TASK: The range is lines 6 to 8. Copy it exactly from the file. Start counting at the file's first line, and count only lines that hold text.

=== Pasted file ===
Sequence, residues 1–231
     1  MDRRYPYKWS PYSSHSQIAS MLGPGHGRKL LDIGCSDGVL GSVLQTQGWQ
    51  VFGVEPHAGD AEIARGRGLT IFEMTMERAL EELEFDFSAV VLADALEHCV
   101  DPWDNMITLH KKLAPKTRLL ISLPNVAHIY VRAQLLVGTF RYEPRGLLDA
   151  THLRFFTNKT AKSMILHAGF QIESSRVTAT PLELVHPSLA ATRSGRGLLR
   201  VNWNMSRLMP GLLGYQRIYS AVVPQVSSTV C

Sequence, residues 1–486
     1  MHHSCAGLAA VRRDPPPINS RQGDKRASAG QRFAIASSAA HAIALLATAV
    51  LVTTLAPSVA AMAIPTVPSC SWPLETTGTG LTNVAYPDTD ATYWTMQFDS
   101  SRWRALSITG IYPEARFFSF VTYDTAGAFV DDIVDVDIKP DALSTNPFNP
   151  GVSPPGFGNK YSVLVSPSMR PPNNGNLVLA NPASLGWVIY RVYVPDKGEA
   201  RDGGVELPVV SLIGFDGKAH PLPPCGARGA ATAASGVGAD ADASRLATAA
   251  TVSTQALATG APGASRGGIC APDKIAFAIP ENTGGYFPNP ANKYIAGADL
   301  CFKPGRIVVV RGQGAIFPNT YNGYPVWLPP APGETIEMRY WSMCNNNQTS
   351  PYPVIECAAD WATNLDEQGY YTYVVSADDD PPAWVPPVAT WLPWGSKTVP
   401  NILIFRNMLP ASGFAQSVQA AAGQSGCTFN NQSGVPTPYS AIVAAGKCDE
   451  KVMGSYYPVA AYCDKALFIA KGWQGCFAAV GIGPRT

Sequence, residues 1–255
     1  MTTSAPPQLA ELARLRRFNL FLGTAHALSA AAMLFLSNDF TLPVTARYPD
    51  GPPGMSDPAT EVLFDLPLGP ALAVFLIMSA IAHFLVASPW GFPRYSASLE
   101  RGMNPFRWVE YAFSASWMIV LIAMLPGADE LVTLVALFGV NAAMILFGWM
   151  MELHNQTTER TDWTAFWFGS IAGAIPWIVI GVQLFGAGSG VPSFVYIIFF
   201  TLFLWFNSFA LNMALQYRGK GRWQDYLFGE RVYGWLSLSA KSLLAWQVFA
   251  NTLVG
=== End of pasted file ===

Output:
   201  VNWNMSRLMP GLLGYQRIYS AVVPQVSSTV C

Sequence, residues 1–486
     1  MHHSCAGLAA VRRDPPPINS RQGDKRASAG QRFAIASSAA HAIALLATAV